Memories of being humiliated and belittled by senior clinicians have never left me. My failed attempts to answer increasingly difficult questions in front of my colleagues whilst being “taught” on daily wards rounds. The condescending comments as the inevitable occurred. Not revealing the embarrassment I felt or my sense of relief when the focus moved onto someone else. But I never felt bullied. Maybe it was my lack of awareness of bullying, my acceptance of this method of teaching or that my experience was not one of exclusion but more a rite of passage. If I reflect, was I a victim of bullying?
Bullying is a major problem in our hospitals. Awareness of the incidence of bullying and its impact on young doctors has increased in the public consciousness through recent media reports. Surveys from a number of the vocational colleges have highlighted a concerning culture of bullying behaviours (1,2).
Junior doctors may be at a higher risk of being bullied and less likely to report bullying behaviour due to fears about negatively impacting their chances of acceptance into vocational training programs. Close to half of the residents and fellows (48%) in the United States graduate medical education system reported being subjected to bullying (3). The most frequently reported bullying behaviours were:
In my role as the NSW Chair of Prevocational Training Council, I recorded with my colleague, Dr Ros Crampton, a short three-minute video on unacceptable behaviour in medicine and would encourage you to watch it.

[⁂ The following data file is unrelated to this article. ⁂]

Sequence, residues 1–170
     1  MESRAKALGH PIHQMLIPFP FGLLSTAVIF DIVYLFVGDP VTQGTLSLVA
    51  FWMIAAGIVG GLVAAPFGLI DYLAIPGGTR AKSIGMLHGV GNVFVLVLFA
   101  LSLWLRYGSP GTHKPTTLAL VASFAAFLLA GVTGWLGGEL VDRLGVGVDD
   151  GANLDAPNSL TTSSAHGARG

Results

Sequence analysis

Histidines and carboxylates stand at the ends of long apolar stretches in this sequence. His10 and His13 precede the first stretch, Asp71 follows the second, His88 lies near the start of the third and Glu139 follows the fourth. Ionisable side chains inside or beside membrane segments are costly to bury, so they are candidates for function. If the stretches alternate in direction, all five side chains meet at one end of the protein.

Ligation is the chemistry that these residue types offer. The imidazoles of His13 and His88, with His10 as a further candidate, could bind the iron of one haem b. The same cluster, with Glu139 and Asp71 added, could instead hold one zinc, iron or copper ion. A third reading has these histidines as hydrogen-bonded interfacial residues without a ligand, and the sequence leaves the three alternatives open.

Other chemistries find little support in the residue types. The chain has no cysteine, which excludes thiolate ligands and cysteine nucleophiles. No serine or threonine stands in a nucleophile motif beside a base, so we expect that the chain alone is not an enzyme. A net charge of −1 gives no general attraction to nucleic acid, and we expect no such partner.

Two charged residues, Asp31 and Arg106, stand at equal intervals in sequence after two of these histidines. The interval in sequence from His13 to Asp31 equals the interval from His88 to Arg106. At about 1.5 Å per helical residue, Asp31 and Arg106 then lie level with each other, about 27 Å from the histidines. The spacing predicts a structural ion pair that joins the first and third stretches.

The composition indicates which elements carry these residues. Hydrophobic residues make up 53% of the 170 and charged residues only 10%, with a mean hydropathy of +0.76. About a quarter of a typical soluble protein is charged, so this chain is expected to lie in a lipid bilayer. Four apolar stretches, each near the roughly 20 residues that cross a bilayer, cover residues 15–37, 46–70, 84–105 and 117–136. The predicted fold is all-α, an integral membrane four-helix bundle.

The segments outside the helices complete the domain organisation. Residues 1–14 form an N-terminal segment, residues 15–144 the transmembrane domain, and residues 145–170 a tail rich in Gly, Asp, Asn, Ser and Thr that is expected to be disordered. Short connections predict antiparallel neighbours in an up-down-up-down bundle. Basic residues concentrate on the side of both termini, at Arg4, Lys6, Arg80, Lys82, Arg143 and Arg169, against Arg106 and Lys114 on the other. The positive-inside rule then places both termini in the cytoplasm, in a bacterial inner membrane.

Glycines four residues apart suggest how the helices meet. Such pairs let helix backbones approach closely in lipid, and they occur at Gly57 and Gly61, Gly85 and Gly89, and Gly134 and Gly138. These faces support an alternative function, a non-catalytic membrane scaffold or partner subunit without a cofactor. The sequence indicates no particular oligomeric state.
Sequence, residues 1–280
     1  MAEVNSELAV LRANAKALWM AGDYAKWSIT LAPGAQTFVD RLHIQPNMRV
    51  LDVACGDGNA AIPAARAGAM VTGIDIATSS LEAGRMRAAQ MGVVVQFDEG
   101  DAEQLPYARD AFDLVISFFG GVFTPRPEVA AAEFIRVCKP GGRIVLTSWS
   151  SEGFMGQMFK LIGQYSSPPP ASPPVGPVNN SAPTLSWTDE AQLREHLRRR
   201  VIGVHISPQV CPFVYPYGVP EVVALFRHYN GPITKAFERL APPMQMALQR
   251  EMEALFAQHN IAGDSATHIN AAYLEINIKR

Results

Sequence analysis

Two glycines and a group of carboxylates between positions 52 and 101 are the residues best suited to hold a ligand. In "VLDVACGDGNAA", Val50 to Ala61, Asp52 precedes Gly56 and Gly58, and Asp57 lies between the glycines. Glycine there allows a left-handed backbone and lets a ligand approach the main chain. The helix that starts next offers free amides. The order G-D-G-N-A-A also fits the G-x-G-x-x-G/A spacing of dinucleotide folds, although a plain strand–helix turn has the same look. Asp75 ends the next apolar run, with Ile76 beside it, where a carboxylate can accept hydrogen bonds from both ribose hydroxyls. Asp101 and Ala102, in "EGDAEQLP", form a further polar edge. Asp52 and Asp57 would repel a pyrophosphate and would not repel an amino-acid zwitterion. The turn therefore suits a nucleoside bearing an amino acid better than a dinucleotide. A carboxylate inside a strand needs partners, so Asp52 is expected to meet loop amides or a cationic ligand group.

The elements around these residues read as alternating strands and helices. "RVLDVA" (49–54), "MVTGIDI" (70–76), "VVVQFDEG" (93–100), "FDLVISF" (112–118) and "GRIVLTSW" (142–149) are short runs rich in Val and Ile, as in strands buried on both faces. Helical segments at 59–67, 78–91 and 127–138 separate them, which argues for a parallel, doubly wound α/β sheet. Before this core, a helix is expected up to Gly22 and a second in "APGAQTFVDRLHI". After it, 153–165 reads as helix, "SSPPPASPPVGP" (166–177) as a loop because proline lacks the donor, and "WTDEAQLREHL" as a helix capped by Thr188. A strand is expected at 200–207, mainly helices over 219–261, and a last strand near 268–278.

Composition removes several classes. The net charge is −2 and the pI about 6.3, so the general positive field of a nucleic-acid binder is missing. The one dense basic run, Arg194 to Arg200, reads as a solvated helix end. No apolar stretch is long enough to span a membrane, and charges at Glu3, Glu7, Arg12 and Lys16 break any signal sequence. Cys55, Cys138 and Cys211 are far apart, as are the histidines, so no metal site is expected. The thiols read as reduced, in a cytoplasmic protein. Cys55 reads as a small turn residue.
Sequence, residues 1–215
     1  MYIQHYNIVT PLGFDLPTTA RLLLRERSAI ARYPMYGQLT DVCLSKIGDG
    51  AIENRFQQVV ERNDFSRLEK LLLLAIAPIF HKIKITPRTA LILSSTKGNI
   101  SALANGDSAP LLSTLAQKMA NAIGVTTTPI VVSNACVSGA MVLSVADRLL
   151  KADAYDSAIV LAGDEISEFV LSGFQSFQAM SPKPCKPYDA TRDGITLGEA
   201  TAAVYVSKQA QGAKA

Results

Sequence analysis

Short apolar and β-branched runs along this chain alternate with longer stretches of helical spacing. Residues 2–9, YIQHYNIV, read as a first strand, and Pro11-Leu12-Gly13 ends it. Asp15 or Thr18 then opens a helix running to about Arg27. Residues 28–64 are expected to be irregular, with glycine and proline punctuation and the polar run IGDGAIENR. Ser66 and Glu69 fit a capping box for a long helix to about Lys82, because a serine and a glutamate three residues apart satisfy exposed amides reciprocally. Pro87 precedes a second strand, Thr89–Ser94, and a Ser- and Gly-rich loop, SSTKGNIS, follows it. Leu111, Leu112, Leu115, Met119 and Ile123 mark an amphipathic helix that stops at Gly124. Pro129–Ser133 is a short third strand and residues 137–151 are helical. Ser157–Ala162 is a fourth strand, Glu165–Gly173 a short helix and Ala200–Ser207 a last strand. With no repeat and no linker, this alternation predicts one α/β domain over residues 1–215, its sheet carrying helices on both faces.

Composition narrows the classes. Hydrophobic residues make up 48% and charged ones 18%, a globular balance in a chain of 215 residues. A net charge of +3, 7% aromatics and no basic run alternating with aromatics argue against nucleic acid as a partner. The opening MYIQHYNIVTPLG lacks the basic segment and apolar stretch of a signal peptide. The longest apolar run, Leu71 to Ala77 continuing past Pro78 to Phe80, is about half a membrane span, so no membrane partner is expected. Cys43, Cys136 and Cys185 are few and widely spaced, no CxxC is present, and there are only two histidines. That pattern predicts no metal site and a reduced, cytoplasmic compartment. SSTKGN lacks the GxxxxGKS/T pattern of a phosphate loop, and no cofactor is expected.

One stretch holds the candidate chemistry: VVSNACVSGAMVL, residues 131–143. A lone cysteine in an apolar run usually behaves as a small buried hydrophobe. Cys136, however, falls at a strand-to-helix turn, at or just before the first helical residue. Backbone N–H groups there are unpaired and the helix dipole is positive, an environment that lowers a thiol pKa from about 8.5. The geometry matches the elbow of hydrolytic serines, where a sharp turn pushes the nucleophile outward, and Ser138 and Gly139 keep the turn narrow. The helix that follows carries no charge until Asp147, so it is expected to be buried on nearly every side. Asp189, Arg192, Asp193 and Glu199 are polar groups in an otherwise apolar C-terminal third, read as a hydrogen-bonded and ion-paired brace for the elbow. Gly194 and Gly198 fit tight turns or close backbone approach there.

The video is titled “Unacceptable behaviour in medicine” rather than “Bullying in medicine”. So why do we not call it bullying if that is what the problem is? There is definitely a time and a place to name bullying. Bullying behaviour tends to be repeated over time or occurs as part of a pattern of behaviour. Unacceptable behaviour can be an isolated event.
Language is important; once the bully word is mentioned, those accused will typically become defensive. Denial, blaming, or allegations of the trainee’s poor performance often ensue. This limits the opportunity for prompt resolution of the issue. As bullying is usually the result of repetitive episodes of unacceptable behaviour the early reporting of events and ensuring that health organisations address the problem in a timely and proportionate manner should reduce the incidence of bullying in our workplace.